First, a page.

Last week, news broke of two particular instances of homophobia around Australia – that of a man who wasn’t recognised as next of kin following the death of his partner, and that of a family repeatedly asked to move seats on a Qantas plane to make way for a married couple.

What struck me about both of these stories, but particularly the Qantas incident, is that it seems people aren’t able to recognise homophobia for what it is.

One article about the Qantas incident noted that Qantas donates to Mardi Gras, and that its CEO, Alan Joyce, is openly gay – in a way indicating its employees’ behaviour was excusable. This kind of argument is akin to the ‘I can’t be racist because my friend is black’ line of thought, which ignores the fact these kinds of identity oppressions occur on a much more systematic, structural level (and also forgets that gay people can be homophobic too).

A company may do all it can to proclaim inclusivity – donate to Mardi Gras, write LGBTI-friendly policy and so on – but it does little to change the fact that we have, and will continue to have for probably some time, an inherent bias to the dominant relationship structure; that is, married heterosexuality. In a world dominated by heterosexuality, it’s easy to assume a man and a woman together are in a relationship, while a gay relationship (particularly between two women, given the inherent invisibility of lesbianism due to greater visibility of gay liberation, greater visibility of female friendships, and the subordination of women generally) is far less obvious, due to our inherent heterosexual bias.

Structural homophobia is everywhere. There is little to no research on lesbian transmission of STIs, because it seems less prevalent, and so it therefore becomes less worthwhile to research and understand. Similarly, I’ve had countless doctors who’ve asked “Are you pregnant?” and when I answer with a firm “No”, their response is always, “But how do you know? Condoms and the pill aren’t foolproof.” No, but being in a monogamous relationship with a cisgendered woman is pretty foolproof.

Gay men still can’t donate blood, because of the HIV risk – despite the fact testing is becoming more advanced, medication is making viral loads undetectable, and young, straight women are the group of people with the fastest-growing virus rates in Australia.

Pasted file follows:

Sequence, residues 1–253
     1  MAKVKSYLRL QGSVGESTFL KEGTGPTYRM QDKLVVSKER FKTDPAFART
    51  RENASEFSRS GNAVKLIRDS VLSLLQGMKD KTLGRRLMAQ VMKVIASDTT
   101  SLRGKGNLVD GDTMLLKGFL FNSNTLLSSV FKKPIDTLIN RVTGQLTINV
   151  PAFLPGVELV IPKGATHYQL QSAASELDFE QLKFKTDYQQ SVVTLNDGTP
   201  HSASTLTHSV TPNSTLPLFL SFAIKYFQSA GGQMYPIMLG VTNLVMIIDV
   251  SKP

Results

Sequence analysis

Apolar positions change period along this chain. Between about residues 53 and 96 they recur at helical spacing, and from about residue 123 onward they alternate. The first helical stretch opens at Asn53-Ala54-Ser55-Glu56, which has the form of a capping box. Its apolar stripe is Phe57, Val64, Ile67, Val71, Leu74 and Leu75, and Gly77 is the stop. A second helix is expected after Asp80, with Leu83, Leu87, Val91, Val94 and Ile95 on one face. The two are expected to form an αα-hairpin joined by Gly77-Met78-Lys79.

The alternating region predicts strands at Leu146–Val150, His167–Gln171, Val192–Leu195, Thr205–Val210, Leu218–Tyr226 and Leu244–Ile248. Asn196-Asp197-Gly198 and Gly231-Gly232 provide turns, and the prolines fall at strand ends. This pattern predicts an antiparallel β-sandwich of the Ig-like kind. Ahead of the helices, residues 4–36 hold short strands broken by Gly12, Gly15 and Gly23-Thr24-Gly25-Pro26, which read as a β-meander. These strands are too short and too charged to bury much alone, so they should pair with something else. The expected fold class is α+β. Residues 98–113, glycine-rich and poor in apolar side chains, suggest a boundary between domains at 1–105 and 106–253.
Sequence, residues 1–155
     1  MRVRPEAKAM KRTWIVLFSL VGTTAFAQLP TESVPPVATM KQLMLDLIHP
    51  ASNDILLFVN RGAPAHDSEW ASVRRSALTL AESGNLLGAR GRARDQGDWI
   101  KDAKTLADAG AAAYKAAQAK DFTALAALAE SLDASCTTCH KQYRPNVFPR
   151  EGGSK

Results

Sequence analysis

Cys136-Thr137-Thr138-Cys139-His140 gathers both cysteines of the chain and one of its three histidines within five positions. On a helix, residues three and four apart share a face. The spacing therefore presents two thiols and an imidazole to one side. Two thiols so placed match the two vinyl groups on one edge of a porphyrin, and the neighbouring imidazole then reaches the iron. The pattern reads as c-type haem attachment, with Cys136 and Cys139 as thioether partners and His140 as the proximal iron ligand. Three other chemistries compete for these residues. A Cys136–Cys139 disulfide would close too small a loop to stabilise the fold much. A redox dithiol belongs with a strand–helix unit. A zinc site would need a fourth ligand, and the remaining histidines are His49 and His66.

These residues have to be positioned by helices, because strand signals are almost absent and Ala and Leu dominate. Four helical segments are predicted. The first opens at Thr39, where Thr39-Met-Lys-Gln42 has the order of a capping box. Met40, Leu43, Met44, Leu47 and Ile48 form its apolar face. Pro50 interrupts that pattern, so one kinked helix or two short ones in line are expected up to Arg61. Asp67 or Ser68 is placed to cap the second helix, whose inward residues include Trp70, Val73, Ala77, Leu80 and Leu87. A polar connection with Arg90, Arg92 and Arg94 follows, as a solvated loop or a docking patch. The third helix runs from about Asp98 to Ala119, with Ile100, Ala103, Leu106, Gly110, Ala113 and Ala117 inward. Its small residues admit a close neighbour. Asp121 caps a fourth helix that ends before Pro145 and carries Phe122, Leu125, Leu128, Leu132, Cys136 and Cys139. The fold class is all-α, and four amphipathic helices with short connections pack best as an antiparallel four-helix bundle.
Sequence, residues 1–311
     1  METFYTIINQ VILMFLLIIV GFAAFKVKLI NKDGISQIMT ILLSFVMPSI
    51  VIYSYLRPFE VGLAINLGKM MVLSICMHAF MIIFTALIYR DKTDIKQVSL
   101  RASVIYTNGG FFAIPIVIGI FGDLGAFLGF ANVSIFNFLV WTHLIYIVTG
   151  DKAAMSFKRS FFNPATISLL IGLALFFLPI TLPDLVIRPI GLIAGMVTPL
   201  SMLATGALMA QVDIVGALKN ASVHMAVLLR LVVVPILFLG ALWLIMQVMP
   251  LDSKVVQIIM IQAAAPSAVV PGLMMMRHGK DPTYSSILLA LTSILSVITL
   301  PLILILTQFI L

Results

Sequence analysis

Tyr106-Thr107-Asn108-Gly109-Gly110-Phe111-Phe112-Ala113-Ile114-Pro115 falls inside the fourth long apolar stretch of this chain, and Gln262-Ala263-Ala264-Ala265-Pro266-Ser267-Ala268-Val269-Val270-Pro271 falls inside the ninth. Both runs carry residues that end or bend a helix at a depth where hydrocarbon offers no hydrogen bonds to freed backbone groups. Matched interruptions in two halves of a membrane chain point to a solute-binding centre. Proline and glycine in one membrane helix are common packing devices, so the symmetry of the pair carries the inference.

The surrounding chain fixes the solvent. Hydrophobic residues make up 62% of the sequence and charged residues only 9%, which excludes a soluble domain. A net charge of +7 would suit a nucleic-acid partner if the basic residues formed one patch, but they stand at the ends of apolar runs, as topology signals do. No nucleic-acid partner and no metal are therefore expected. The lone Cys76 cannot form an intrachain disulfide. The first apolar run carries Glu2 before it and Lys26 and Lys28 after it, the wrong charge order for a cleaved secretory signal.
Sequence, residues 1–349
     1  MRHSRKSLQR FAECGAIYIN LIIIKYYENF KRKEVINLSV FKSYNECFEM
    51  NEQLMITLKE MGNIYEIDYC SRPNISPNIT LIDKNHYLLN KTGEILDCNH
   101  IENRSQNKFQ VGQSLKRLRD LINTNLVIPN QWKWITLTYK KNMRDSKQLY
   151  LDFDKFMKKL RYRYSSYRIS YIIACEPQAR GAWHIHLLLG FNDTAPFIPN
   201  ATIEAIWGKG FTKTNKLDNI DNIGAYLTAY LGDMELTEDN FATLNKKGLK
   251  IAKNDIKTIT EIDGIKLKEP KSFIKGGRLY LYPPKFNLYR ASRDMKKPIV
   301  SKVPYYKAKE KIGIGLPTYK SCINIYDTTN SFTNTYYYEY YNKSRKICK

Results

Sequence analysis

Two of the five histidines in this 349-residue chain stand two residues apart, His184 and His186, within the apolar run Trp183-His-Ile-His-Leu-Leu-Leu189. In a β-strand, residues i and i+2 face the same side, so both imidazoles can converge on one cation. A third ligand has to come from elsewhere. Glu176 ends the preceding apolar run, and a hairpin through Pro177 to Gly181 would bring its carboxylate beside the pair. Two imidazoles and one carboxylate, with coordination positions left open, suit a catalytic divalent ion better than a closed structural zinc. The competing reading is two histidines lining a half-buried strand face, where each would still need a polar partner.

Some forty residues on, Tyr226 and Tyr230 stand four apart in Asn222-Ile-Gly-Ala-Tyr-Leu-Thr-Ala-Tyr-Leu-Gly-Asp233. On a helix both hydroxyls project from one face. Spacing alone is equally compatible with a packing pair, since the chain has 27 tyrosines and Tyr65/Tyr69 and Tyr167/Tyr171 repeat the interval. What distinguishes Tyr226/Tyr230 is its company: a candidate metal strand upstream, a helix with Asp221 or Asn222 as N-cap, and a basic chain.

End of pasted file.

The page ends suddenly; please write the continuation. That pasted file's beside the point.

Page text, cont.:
Religious schools and hospitals can still fire gay teachers and doctors for their sexuality. And while many don’t, it still means these teachers and doctors have to think very carefully about disclosing personal information, while their straight colleagues proudly display pictures of their wives and kids.

Most people, particularly in the cities, are becoming great allies. But homophobia still exists in your assumptions, and your ignorance to your own immunity from daily microaggressions. When you make polite conversation by asking a girl if she’s got a boyfriend, you’re assuming she’s straight. When you walk down the street holding hands with your straight partner, you forget that the two men behind you might be wanting to do the very same, but fear harassment. When you take that partner to family dinner, you might be blissfully unaware that your gay cousin desperately wanted to bring his boyfriend, but thought it might be too awkward, or make the evening ‘too much about him’. And when you devalue one family in order to make way for another, as Qantas did, you’re telling that family that it’s not worth as much.

Gender stereotyping is entrenched in a privileging of heterosexuality, too. When you ignore the man who comes into your make-up store because he couldn’t possibly be wanting to be served, you’re saying that men can’t be feminine. When your butch friend puts on a skirt for a special event and you gush at just how pretty she looks, you’re reminding her that her usual, more masculine presentation isn’t as good. This also plays into instances of transphobia, which is much more rampant and overt than homophobia today.

Being a good ally means more than just supporting marriage equality and waving a flag at Mardi Gras. That’s a good place to start, but a better one is recognising that your privilege might be so unconscious you don’t even notice how hard others have it.

[Image courtesy Nathan Rupert/]

This Week…

Secret Garden Bar in Enmore finally got its liquor licence approved! Starting this Wednesday November 18, and every Wednesday after, is Sasslife. Harking back to the old Homosocial days, this Wednesday features Malo, James i.V [above], Ratchet Glamma, Chi Chi, and visuals from Hayley Coghlan.

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Queer performance collective Gang Of She [below]has an exhibition at 107 Projects, showing Thursday November 19 – Saturday November 21. The artists have created a womb filled with their collective and individual works, where you can drink and party as well as witness the spectacle.

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The boys from L’Oasis are organising their fourth party this Friday November 20 at Slyfox. Titled The Gutter and The Stars, this one features both L’Oasis and Stereogamous.

Then on Saturday November 21, head to the Oxford Hotel for this month’s instalment of Heaps Gay, featuring Wild Sunset, Cunningpants, Sveta[below], Adi Toohey and heaps of others.

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